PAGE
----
Welcome to Friday Favorites, where we highlight interesting things we’ve seen over the last week. Although most highlights are grief related, you’ll have to forgive our digressions because we distract easily. This morning we here in Baltimore are grieving the bum-kicking handed to our Baltimore Ravens by the Denver Broncos in the NFL season opener last night. Womp womp…here are the articles.
Invisible Casualties is a month-long series by the Huffington Post examining facets of the complex issues related to suicide in the military. A lot happens within this comprehensive collection of articles, including interviews with vets who survived suicide attempts, families remembering their loved ones and telling their stories, discussions on warning signs, mental illness, stigma, and PTSD, and specific needs related to the grief of a suicide loss. We want to commend the Huffington Post for giving this issue some of the attention and focus it not only deserves but needs.
A few weeks back our hometown newspaper, The Baltimore Sun, ran a story about two local mothers carrying babies diagnosed in utero with conditions they would likely die from at or shortly after birth. Such diagnoses are often unexpected and send parents reeling as their excited anticipation is replaced with confusion, uncertainty, and grief. With the help of a local hospice the families were able to find some semblance of comfort and control in an uncontrollable situation, We’d like to thank both of these mothers for sharing their stories.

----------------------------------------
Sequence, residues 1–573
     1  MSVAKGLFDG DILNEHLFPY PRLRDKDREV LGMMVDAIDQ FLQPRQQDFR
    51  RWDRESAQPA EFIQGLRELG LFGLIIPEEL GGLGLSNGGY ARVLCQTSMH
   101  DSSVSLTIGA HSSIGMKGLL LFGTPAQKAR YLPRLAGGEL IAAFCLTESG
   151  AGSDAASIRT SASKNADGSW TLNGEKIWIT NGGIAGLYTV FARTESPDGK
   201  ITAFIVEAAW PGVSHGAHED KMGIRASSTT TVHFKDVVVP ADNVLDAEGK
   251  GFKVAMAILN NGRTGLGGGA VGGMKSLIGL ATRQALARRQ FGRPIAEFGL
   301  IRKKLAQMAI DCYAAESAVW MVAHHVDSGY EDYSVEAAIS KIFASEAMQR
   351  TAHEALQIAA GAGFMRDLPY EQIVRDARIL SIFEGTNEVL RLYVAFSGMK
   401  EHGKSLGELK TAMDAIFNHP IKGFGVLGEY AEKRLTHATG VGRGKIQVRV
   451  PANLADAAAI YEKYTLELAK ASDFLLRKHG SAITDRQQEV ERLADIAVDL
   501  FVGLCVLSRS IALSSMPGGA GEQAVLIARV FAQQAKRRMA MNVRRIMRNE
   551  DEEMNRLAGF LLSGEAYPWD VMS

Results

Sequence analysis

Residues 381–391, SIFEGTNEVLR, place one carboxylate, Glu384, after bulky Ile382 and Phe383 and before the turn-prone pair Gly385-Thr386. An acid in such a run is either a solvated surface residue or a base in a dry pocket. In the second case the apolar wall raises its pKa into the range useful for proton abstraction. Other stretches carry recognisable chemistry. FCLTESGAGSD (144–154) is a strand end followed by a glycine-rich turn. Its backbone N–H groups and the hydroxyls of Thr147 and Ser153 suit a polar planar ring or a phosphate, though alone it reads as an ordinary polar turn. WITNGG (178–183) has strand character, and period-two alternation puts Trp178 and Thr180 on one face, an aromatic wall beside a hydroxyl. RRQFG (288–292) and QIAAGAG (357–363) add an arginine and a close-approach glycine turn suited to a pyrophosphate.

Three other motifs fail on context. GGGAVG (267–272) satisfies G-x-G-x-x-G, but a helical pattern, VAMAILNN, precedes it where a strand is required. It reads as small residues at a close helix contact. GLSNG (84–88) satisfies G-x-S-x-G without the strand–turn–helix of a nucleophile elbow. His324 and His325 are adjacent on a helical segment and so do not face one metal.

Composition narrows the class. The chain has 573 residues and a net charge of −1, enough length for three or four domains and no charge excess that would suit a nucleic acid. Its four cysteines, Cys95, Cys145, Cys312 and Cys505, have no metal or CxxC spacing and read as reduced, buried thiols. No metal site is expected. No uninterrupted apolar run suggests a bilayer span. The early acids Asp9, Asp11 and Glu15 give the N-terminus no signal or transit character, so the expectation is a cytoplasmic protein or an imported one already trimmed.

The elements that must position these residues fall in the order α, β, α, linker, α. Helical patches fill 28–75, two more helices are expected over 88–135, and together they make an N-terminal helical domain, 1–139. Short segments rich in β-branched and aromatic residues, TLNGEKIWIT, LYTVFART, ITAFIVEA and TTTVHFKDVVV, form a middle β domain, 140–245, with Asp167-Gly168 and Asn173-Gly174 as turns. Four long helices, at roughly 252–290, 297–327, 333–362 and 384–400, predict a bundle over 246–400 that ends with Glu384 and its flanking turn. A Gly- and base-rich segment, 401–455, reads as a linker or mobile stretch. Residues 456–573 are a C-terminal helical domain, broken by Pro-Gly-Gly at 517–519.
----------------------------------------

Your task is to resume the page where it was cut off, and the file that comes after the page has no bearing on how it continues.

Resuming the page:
Speaking of Baltimore, here are photos of abandoned row houses. What do these photos have to do with grief? Zero…I just like their symmetry.
The thought that working in the field of death, dying, and bereavement makes you Lydia Deetz with a name badge and a masters degree is one Litsa and I encounter on a regular basis. At my real job I hear, “I SURE would hate to have your job” and from my family and friends I hear “I think all this talking about death is making you dark!”. So I can definitely relate to Rea Ginsberg’s discussion of society’s discomfort with emotional pain and how those who seem to bathe in it (I guess people like me) at best mystify others and at worse make them uncomfortable. But just the same, Bereavement Counselors, Funeral Directors, Medical Examiners, Social Workers and others working in death and dying will always be there for those who need them.
Sarah D’Angelo started the website griefbynotes.com after journaling about her own grief following her father’s death. Grief By Notes is a site where visitors can anonymously post stories of up to 150 words about their deceased loved ones. Visitors to the site find comfort in both writing about their loved one and in reading the stories of others. Here’s to turning grief into good!
Here’s a 16 minute track of the Beatles’ Abbey Road with just vocals. What does this have to do with grief? Zero…I just like their harmony.
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